and water heat it up on low. Add as much sugar as will disolve
in the water, and then a little more [super saturated solution].
Put your opal in this solution [pre heated to avoid thermal
shock] and heat on low for 6 hours. Let cool to luke warm, do
not let it cool completely before removing opal or it may turn
to rock candy. Remove opal, rinse slightly, do not wash, wipe
off stone. Dispose of sugar solution, and clean crock, wipe out
dry. Next step must be done outside with all precautions taken
that you can, rubber gloves, goggles, ect. put stone back in
cock, add cold sulphuric acid to well cover stone [ acid must be
at least 90% pure, battery acid will not work] heat for 7 hours
on low, let cool COMPLETELY, remove stone. This last is
dangerous stuff. Hot Sulphuric of this strength will cause
SEVERE burns if it comes in contact with skin, also if God
forbid you do spill it on you wipe it off, BEFORE you wash, as
water will react with it by an increase in heat to upwards of
600 degrees before it dissipates the acid.

I’ve done this a several dozen times without harm to my person,
but it is not a walk in the park, and precautions must be taken,
OR ELSE!

If anyone wants to see what the finished product is like I have
a large selection of Andamooka Matrix opals on my site listed
below. Hope this helps, though I would hate to go
thru the entire process myself, for one stone.

Sincerely, Ron Schanfish - Noema Gems
mailto:@ronalds
http://www.noemagems.com


#5

hi jesse,

yes, customers can try and make one feel even guiltier than one
already is. one just has to stand up and be accounted for and
all should be well.

i knew better for sure, in this case, to put this particular
type opal in the pickle. but i must point out i’ve put literally
thousands of the white australian garden variety opals in the
ultrasonic and pickle intentionally, with no ill effects.
believe it or not, this is the only chemical mishap i’ve ever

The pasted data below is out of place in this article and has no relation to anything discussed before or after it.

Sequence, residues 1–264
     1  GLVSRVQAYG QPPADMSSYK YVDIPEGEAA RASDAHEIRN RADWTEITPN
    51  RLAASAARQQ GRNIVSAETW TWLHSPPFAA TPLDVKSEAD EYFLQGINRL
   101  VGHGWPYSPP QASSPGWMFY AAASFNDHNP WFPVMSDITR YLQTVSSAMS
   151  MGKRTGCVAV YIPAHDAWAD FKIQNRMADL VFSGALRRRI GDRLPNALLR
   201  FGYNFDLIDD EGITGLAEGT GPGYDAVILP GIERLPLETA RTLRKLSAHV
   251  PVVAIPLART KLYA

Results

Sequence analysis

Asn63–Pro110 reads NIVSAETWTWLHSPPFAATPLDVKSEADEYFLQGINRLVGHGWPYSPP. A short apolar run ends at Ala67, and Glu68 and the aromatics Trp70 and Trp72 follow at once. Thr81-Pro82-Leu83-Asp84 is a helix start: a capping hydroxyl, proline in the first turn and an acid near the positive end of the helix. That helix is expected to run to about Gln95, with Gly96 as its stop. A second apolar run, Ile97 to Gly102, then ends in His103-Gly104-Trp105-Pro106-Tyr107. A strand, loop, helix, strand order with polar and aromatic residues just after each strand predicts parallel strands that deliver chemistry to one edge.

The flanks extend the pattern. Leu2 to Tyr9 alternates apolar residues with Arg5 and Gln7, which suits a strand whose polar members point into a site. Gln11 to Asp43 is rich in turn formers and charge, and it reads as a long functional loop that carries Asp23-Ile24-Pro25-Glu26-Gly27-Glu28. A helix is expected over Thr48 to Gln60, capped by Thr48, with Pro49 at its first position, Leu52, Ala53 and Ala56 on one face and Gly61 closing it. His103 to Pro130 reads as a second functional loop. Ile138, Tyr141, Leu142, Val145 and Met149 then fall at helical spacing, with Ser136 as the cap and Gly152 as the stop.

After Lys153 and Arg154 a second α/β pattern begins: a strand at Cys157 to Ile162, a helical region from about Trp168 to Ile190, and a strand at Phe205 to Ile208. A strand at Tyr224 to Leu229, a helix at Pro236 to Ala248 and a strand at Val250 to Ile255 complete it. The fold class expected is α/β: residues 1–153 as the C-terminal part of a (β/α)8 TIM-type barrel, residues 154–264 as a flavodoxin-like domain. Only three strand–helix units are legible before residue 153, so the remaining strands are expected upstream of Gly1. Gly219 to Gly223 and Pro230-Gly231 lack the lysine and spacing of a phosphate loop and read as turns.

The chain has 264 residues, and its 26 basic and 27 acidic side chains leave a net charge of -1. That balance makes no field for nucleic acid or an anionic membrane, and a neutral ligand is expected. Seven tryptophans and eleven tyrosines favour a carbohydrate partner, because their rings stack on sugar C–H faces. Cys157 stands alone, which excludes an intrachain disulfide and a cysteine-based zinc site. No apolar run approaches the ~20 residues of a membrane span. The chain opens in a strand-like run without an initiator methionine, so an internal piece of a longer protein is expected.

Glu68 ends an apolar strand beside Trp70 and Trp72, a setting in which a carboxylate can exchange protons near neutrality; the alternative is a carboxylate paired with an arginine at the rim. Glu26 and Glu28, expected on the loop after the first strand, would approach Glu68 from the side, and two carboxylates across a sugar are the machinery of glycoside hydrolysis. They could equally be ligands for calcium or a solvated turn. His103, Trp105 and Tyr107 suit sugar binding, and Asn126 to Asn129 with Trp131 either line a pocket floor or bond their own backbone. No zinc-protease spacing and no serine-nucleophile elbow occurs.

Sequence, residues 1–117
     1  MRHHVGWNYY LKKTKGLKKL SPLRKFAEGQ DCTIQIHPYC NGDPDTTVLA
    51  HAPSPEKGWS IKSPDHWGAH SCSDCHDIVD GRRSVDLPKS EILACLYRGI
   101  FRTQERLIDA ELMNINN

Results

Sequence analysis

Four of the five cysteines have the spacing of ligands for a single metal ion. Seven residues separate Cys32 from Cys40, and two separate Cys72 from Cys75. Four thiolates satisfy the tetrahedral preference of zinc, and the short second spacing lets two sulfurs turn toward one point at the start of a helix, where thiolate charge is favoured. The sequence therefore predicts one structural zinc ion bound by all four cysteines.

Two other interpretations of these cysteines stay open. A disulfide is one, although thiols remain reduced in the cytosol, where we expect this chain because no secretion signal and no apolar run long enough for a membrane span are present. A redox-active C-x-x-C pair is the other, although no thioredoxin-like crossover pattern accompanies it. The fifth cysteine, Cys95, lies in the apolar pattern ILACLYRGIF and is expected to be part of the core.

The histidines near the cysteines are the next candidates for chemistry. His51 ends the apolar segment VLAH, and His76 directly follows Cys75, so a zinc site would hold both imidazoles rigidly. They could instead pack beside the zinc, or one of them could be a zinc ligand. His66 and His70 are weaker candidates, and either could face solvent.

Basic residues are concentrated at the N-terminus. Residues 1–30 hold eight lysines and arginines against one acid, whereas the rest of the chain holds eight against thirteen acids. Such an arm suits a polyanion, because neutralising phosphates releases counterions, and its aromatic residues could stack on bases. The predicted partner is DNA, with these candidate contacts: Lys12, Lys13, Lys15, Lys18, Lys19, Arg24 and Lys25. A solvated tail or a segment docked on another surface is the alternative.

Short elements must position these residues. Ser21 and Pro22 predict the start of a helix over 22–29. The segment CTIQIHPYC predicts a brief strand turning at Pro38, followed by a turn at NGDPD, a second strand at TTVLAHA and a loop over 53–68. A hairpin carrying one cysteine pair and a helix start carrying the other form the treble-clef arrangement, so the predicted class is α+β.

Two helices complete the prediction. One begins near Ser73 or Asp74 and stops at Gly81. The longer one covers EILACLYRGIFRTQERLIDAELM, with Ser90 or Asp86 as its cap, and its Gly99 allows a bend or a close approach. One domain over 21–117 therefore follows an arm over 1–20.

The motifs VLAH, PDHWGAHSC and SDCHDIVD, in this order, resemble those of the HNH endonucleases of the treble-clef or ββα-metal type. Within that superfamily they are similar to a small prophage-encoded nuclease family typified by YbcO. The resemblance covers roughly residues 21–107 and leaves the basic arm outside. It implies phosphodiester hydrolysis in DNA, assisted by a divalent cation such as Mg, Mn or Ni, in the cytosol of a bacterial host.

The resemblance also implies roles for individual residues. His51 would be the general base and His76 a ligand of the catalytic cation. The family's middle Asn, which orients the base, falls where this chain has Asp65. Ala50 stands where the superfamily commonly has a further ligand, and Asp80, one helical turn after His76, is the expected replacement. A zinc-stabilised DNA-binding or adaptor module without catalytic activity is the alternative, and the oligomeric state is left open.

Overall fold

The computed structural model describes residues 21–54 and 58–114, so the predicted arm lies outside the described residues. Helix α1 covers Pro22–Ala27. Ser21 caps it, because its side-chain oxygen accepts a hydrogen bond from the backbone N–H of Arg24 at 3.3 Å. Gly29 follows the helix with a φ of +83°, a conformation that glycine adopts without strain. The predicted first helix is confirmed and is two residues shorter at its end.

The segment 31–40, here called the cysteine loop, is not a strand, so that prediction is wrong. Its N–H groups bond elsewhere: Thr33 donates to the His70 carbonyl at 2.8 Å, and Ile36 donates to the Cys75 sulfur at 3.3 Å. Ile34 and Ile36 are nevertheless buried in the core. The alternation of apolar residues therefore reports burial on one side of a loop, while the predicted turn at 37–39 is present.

had with an opal. this is anecdotal for sure, and your warnings
are certainly in the textbooks, but the prospect of toothbrush
cleaning that many jobs is a dreadful one.

normally, when i’m PAYING ATTENTION, i do not put unusual or
expensive opals in the ultrasonic or pickle.

can i come out of the woodshed now?

best regards,

geo fox


#6

Sounds silly but I once recut and opal that had a brownish base
and good color and was left with no color. So sitting on my bench
was a Coke and so I got the bright idea it had both acidic and
lots of sugar and heated it and then let sit all night and low
and behold the color was back. But I will never sell this peice.
Ron


#7

Does anybody out there know of a reference work, chart form
preferably, which lists all major stones and the recommended/not
recommended cleaning methods for them? Thanks in advance.


#8
 llists all major stones and the recommended/not recommended
cleaning methods for them?

I seem to recall a table in the Rio Grande Gems and Findings
catalog, if you have that! Seemed pretty comprehensive,
although does not go into detail about the whys and wherefores.

Dave

Dave Sebaste
Sebaste Studio
Charlotte, NC (USA)
dave@sebaste.com
http://www.sebaste.com


#9
   Does anybody out there know of a reference work, chart form
preferably, which lists all major stones and the
recommended/not recommended cleaning methods for them? Thanks
in advance >>

GIA has a great one I had it laminated and hung it on my wall at
the shop.

Mark P.